Southern Illinois University

Southern Illinois University

CONTACT

SIU.EDU

Browse: Collections Digital Content Subjects Creators Collection Type

Simon, Paul, (1928-2003) | Southern Illinois University Special Collections Research Center

Name: Simon, Paul, (1928-2003)


Historical Note: Journalist and Democratic politician from Illinois, Paul M. Simon was born on November 29, 1928 in Eugene Oregon to Martin and Ruth Simon.  He graduated from Eugene High School and attended Dana College in Nebraska.  He left Dana at age 19 to take over as publisher and editor of the failing weekly Troy Tribune newspaper in Troy, Illinois.  He would eventually own several small papers in Illinois.  As editor of the Troy Tribune, Simon made a name for himself by exposing illegal gambling operations in Madison County, Illinois.  After serving in the U.S. Army in Germany from 1951-1953, Simon ran for state representative from the Illinois 53rd district, becoming the youngest legislator in the state at age 25.  While in the General Assembly he met his future wife, Jeanne Hurley, a representative from Winnetka, Illinois.  They were married in 1960 and had two children, Sheila and Martin.  In 1964, Paul was elected state senator from the 53rd district.  In 1969 he was elected Lieutenant Governor of Illinois.  He won even though his Democratic running mate lost.  In 1972 he lost the Democratic primary for governor.  From 1972 to 1974 he taught at Sagamon State University in Springfield, Illinois and one semester at the John F. Kennedy Public Policy Institute at Harvard.  In 1974 he moved to Carbondale, Illinois and sought and won the U. S. congressional seat of the retiring Kenneth J. Gray.  After serving in the U. S. House of Representative for ten years, he upset incumbent Senator Charles Percy to enter the U.S. Senate.  In 1987-1988 he ran unsuccessfully for the Democratic presidential nomination.  He retired from the Senate in 1997.  In 1997 he founded a Public Policy Institute at Southern Illinois University-Carbondale, which he headed until his death on December 8, 2003.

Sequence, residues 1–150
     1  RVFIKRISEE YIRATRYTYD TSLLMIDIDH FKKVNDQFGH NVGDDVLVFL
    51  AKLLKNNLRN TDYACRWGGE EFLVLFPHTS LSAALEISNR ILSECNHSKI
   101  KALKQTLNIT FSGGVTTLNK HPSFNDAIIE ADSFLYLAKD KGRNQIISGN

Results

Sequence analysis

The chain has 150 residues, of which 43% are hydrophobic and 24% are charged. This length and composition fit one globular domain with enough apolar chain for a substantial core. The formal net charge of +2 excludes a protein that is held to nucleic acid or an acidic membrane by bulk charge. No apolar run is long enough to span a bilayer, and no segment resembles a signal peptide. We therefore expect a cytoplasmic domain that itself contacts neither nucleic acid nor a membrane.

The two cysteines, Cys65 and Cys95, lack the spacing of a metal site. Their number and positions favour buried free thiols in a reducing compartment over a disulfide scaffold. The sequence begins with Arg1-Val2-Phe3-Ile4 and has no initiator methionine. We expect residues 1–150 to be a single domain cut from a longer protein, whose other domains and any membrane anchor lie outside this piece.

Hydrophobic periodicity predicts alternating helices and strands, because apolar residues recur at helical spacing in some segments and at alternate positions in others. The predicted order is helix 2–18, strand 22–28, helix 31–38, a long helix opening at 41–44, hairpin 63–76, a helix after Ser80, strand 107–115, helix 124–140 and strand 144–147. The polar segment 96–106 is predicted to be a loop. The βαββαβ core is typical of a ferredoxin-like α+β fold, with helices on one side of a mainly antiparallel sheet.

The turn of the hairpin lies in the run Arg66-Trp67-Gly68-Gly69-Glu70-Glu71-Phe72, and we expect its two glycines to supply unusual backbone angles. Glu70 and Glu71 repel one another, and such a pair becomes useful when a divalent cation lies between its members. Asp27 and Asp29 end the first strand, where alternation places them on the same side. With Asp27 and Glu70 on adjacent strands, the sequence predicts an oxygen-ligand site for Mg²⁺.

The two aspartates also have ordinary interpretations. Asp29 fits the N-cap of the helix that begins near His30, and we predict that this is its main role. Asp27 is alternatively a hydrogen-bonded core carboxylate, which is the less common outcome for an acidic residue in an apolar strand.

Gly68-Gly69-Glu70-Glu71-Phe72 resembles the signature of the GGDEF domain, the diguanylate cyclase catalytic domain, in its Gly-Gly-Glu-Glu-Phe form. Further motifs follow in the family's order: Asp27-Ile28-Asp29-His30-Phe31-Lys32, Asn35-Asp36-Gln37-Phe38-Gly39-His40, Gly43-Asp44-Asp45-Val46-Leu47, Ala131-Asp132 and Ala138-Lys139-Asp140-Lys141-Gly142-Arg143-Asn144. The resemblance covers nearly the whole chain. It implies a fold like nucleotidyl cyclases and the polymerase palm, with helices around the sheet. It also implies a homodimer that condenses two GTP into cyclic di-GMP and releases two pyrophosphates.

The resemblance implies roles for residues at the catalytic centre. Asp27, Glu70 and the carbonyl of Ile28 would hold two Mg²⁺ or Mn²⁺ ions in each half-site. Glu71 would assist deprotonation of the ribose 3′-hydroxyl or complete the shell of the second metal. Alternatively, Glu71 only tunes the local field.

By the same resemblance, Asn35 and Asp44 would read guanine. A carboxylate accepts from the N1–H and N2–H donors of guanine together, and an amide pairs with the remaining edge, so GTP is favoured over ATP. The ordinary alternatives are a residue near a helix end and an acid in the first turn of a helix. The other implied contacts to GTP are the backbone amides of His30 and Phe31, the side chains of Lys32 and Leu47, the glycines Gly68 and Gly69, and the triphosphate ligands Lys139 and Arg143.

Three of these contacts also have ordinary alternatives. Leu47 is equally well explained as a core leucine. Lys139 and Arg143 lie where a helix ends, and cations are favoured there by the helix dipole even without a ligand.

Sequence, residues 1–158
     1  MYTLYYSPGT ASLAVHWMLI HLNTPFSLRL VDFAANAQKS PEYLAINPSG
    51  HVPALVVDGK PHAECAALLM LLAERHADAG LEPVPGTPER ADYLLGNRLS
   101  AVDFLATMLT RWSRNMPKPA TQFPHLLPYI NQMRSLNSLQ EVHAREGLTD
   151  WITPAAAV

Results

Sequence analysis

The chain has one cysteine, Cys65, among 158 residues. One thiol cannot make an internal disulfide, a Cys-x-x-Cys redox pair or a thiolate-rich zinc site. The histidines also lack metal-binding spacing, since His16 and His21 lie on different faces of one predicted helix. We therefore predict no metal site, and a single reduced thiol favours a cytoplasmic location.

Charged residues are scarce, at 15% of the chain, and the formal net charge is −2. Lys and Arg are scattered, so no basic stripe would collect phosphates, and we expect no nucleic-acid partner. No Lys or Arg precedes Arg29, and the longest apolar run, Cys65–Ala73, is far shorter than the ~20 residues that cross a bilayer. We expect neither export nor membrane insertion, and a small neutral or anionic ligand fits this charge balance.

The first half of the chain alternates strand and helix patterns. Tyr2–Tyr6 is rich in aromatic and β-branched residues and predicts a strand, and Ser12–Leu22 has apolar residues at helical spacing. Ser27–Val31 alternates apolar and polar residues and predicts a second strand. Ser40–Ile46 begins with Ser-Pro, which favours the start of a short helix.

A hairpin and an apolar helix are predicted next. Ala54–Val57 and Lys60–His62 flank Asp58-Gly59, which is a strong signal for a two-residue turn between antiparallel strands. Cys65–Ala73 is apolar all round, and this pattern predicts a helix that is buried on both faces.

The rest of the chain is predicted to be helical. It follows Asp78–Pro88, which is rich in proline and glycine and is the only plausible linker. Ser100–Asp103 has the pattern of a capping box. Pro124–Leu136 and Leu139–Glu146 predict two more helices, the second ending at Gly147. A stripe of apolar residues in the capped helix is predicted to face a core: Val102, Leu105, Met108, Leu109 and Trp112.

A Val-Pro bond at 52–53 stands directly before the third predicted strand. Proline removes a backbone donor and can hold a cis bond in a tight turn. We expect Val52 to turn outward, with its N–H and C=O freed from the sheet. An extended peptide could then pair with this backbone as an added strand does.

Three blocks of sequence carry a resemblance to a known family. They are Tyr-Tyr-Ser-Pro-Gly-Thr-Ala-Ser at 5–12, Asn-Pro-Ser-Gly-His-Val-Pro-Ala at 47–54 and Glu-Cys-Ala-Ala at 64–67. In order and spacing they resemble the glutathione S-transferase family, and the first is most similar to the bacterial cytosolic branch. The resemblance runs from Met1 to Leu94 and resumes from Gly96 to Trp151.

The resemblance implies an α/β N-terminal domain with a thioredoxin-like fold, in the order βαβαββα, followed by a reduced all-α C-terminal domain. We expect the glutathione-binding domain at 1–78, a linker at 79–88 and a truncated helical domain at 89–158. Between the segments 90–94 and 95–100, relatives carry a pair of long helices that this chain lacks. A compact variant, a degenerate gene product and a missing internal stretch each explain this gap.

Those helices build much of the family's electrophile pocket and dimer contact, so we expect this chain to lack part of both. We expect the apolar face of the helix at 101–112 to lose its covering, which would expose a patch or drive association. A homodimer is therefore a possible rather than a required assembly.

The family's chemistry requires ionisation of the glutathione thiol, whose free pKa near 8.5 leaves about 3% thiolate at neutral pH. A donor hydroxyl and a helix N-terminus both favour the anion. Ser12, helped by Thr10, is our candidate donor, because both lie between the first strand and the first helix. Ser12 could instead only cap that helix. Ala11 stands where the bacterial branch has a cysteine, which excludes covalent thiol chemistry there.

Page Generated in: 0.083 seconds (using 142 queries).
Using 2.52MB of memory. (Peak of 2.69MB.)

Powered by Archon Version 3.21 rev-2.1
Copyright ©2012 The University of Illinois at Urbana-Champaign